Cubs’ MiLB Coaching Assignments Follow Recent Trends in Player Development Philosophy
Myrtle Beach May Have Focus on Very Young Pitchers
The Cubs finalized their minor league affiliate coaching staffs and coordinators for the 2021 season on Monday morning, announcing decisions that had probably been made long ago but had been awaiting official word on league structures.
It may have seemed like a series of formalities on the surface, but a deeper dive into these personnel choices and some of the unmentioned support staff choices reveals a few developmental trends worth mentioning.
At first glance, it looks like there are a lot of new hitting coaches. Actually, most were hired last year but never got a shot at coaching. From Dan Puente in Myrtle Beach to Rachel Folden in the Arizona Rookie League, the Cubs actually tapped into hitting director Justin Stone’s contact list of hitting gurus he has known for years though his Elite Baseball Training facility and program.
Why is Buddy Bailey back at Myrtle Beach? Simply put, he is a legend when it comes to teaching the fundamentals of the game by helping young players learn the daily process of being a professional. Myrtle Beach is the only affiliate with just one hitting coach, likely because Bailey has the experience to pick up the slack.
But in what stands out as something of an oddity in the system, the Pelicans have two pitching coaches. That’s because they’re now Low-A in a system that no longer has a short-season affiliate, so they will likely have a lot of teenage pitchers like Richard Gallardo, Davidjohn Herz, Tyler Schlaffer, Benjamin Rodriguez, and Koen Moreno.
Tennessee Smokies pitching coach Jaimie Vermilyea is a rising star in the system. The former Toronto Blue Jay is in his fourth year as a coach in the Cubs organization and has gone from Arizona to South Bend to now Tennessee. The 39-year-old has a quiet demeanor and is a great communicator who has worked wonders in developing Riley Thomson, Cam Sanders, and Brailyn Marquez in 2019. It could be that Vermilyea was assigned to Tennessee to continue his work with Marquez and Thompson.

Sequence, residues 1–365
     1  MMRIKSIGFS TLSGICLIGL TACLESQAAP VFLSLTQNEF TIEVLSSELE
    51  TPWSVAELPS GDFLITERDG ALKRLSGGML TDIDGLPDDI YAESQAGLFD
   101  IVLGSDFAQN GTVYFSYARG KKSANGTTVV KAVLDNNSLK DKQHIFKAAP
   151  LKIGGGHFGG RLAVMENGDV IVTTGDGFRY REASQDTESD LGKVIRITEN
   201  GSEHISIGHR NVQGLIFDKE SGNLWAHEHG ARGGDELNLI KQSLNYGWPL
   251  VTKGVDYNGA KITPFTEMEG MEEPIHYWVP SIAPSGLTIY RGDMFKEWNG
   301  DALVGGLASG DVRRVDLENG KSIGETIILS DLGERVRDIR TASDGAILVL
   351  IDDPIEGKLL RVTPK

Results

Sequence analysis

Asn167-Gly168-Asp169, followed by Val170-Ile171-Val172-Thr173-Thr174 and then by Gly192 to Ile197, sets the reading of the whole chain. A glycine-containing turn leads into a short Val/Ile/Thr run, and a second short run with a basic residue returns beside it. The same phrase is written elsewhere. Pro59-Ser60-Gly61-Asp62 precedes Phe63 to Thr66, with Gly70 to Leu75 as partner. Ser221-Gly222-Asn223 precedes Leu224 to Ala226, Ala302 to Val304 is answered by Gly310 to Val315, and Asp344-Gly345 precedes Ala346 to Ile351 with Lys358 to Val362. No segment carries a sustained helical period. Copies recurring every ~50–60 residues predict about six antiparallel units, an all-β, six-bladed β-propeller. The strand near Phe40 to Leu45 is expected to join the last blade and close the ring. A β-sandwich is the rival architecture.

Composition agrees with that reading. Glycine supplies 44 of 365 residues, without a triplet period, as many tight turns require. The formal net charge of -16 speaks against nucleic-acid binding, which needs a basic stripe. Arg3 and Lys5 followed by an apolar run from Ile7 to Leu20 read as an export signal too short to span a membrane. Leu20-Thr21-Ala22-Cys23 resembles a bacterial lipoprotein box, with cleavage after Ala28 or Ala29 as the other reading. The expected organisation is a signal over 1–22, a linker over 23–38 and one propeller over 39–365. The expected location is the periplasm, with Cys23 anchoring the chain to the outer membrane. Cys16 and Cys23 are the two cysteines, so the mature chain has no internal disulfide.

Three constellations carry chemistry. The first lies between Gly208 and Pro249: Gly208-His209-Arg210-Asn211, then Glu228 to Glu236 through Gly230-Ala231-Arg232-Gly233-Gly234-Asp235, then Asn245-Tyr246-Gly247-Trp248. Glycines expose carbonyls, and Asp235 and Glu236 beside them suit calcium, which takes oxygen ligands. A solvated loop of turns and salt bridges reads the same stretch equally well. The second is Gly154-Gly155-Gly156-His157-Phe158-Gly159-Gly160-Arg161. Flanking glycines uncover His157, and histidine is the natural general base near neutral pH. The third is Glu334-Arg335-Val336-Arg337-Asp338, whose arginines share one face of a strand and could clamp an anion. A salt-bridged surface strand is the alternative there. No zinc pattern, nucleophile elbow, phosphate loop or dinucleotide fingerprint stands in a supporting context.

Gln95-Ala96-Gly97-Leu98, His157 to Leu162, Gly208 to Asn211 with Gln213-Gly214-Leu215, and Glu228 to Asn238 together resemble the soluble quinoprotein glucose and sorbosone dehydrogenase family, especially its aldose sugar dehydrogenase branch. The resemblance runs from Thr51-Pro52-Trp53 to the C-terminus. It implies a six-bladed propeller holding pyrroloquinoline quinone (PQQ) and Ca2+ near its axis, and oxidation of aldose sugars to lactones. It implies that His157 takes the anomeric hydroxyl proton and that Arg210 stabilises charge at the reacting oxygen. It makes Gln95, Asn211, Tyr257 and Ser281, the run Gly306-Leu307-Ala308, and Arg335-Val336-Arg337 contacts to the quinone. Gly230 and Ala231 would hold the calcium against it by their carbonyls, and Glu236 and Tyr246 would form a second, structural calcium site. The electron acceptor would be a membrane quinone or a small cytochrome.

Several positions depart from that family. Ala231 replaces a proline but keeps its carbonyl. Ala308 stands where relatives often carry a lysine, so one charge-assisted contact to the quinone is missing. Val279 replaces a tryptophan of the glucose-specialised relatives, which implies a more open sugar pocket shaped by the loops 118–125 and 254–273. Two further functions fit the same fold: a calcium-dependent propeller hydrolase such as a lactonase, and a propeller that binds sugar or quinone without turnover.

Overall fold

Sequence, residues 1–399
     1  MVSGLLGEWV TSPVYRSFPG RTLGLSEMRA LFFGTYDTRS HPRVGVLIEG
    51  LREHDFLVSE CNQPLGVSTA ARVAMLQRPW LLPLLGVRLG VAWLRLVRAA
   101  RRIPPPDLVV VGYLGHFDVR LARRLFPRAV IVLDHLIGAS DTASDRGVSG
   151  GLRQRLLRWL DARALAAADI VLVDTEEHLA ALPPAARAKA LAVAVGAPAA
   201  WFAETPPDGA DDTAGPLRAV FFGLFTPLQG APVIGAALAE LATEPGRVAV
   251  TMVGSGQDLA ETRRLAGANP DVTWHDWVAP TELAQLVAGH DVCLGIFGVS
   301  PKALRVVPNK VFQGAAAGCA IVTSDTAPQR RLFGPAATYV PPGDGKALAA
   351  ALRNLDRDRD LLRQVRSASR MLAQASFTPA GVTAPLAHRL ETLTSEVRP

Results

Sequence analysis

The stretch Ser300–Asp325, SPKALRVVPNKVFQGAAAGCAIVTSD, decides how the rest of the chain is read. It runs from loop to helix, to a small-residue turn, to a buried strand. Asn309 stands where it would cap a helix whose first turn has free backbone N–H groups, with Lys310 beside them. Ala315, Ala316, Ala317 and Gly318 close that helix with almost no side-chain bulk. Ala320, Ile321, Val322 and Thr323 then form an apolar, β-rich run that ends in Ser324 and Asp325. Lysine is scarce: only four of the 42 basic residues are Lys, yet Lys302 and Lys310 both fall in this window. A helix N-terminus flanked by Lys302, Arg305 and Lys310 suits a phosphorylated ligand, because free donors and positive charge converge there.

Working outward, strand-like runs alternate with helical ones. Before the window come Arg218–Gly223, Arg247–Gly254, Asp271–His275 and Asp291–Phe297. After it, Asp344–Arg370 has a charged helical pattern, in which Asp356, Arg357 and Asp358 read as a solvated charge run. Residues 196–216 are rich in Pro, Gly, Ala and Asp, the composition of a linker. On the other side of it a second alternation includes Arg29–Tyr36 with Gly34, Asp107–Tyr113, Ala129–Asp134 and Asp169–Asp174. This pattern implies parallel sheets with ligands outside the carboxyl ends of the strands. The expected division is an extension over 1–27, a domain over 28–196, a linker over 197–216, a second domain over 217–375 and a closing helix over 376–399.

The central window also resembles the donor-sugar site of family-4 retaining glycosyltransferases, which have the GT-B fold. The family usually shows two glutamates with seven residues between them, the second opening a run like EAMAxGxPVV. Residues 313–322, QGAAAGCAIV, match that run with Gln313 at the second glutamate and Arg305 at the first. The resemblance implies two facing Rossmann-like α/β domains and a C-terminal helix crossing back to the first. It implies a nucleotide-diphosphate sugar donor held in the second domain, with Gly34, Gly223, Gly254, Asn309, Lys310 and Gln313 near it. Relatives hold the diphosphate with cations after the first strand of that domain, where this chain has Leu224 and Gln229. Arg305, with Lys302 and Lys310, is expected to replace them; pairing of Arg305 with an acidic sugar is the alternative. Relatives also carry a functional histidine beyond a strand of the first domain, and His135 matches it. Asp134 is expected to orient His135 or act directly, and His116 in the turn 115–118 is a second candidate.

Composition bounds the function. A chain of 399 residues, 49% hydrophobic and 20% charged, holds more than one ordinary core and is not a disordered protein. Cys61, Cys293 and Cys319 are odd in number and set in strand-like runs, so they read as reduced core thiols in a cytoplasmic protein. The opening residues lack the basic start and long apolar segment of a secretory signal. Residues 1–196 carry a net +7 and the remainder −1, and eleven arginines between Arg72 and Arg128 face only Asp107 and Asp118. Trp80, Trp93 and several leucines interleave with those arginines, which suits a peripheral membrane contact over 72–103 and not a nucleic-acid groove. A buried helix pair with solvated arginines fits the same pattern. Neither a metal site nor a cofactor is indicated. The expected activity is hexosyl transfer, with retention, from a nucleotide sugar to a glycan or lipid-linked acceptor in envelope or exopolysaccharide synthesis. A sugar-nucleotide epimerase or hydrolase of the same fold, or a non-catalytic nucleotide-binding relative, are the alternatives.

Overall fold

Michael Ryan was slated to be the Smokies’ manager in 2020, but he is now going to be at South Bend. Ryan broke into managing in the Pirates’ system and should have a talented group of arms to work with in South Bend, including Kohl Franklin and possibly Ryan Jensen and Chris Clarke.
Mark Johnson is back to managing at AA after a two-year break. Johnson will be doing double duty this year as he is slated to retain his systemwide catching coordinating role in addition to his managerial duties. More than likely, Johnson is back as a manager specifically to work with Miguel Amaya in Tennessee.
Steve Lerud, who has managed at Myrtle Beach and Eugene, was not retained. Neither was Jimmy Gonzalez, a longtime minor league skipper for the Cubs. Those two appear to have been casualties as the organization went out and got some new coaches that better align with their recent shifts in development strategy as reflected in the philosophies of Stone and VP of pitching Craig Breslow.
While Bailey and Pevey might be as old school as it gets, they also know how to communicate with their players and develop them by making minor adjustments. As an example, take a look at what Bailey did with David Bote’s swing at Myrtle Beach in 2017. Bote wasn’t hitting well and had actually expressed a desire to walk away from the game, but a more aggressive approach that saw him ambushing fastballs and swinging to do damage turned his career around.
It may have also helped that Gleyber Torres had been traded the previous season, allowing Bote to get a little more playing time to build his confidence.
As had been noted back when word of the minor-league restructure first broke, the Cubs are only going to have one rookie league team each in Arizona and the Dominican this year. MLB.com’s Jordan Bastian noted that those squads will have rosters of 60 players, and we’re talking about the youngest prospects in the system, so it’s going to a bit of circus trying to develop them through game experience. We will keep a close on how that all comes together this summer.
While a lot of the latest moves were about maintaining continuity throughout a system that has undergone some changes after a lost season, more of it is about restructuring the way the Cubs develop players. They’ve been actively trying to be more aggressive on the pitching side and the overall trend has been to establish directors to set the tone and streamline the direction for the organization as a whole.
How that ends up working remains to be seen, but it may help the Cubs to really hit the ground running once the new season starts up.